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Industry · Jan 18, 2023

Twitter cuts off API access: 5 lessons from their ever-changing API strategy

A few days ago several Twitter clients like Tweetbot and Twitterrific stopped working suddenly. Users were receiving messages that they had reached some data limit. It seems that Twitter has disabled it’s API for these clients overnight without warning.

While it could be a temporary outage it looks like a deliberate event. The lack of notice has left many developers outraged, especially those that have spent years building on top of these APIs.

We don’t know if this was a new directive from the top, or a previously planned event. Was the lack of notice also part of the plan, a disdain for everyone relying on the APIs, or is it simply that anyone who cared or involved in communications simply doesn’t work there anymore?

Regardless, Twitter is an interesting case study because their API has been around for over a decade and this is not the first time they have dramatically changed their API strategy.

The early years

Twitter came on to the scene in 2006 and the Twitter API was introduced within the same year [source].

This initial version of the API was fairly rudimentary by today’s standards. For example, certain endpoints didn’t even require authentication.

In 2008 Apple opened up the iPhone to developers along with iPhone SDK. This was the golden age of app development (remember "there's an app for that") The Twitter API plus mobile app SDK was the perfect combination that saw multiple Twitter apps flourish.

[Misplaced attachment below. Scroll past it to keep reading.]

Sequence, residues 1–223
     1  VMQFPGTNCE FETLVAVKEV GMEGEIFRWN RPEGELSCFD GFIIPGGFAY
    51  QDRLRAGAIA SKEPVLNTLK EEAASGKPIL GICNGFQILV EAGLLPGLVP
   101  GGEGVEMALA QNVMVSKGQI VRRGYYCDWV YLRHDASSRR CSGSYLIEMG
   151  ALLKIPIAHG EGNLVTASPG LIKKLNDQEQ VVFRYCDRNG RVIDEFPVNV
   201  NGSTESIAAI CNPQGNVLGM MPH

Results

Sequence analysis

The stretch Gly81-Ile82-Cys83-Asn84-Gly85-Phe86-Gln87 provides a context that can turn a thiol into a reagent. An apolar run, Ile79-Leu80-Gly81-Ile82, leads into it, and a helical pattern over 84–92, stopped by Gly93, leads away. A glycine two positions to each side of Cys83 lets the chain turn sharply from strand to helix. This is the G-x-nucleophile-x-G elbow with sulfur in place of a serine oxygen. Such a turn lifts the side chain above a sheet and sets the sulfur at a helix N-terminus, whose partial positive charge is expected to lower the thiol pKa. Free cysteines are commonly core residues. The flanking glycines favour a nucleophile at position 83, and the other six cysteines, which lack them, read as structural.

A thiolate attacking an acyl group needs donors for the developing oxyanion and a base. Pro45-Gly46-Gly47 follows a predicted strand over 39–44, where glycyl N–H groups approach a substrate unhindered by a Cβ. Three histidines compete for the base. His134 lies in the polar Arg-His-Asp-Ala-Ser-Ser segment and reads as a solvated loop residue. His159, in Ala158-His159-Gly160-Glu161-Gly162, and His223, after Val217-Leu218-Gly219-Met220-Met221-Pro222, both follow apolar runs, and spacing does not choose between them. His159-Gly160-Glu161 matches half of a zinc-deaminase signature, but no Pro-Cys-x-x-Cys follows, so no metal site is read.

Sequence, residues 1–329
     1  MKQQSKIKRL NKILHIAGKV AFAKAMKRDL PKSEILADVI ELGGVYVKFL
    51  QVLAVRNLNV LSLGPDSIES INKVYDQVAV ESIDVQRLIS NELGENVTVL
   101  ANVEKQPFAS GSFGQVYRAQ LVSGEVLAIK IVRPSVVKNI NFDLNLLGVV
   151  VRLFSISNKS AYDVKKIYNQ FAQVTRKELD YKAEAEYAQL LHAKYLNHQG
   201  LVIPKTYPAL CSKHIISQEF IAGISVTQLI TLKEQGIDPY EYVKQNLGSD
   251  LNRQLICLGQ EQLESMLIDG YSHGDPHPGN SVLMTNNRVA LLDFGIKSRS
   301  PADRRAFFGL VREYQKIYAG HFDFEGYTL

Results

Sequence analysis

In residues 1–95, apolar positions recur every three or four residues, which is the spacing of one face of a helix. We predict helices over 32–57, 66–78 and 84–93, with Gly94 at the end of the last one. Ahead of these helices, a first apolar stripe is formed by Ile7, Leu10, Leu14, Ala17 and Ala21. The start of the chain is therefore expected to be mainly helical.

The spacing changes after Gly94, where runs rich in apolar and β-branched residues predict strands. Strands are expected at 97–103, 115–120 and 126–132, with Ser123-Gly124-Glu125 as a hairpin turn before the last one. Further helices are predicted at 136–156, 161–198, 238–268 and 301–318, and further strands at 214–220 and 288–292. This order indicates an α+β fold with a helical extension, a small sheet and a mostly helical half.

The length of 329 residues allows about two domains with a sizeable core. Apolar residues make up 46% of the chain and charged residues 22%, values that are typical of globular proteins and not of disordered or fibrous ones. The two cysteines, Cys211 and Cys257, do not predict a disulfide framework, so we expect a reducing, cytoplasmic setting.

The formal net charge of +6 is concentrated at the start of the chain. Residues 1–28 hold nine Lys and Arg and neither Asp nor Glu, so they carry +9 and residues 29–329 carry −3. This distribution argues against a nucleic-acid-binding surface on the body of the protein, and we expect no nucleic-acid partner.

By having an API, Twitter was able to outsource development and distribution of mobile apps to third parties, allowing Twitter to focus on their core product, an “information network”, while Twitter clients innovated independently. One such app, Tweetie, actually developed the now-ubiquitous pull-to-refresh interaction. Tweetie later went on to be acquired by Twitter and became the official Twitter app.

Up until this point Twitter had no client app of its own. Allowing companies to build third-party client applications actually strengthened Twitter’s position in the market by broadening its reachable user-base via the App Store and improving the end-user experience.

Lesson: Developer APIs can help your business grow by increasing the distribution of your core product. Identify which channels your core product could provide value where you don’t have a presence and target those with an API program.

Version 1.1

Version 1.1 of the Twitter API, released in 2012, was the first major change to the developer platform. It saw several features updates, like requiring all connections to be authenticated and introducing rate limiting. It also saw the API usage guidelines change in response to their evolved strategy.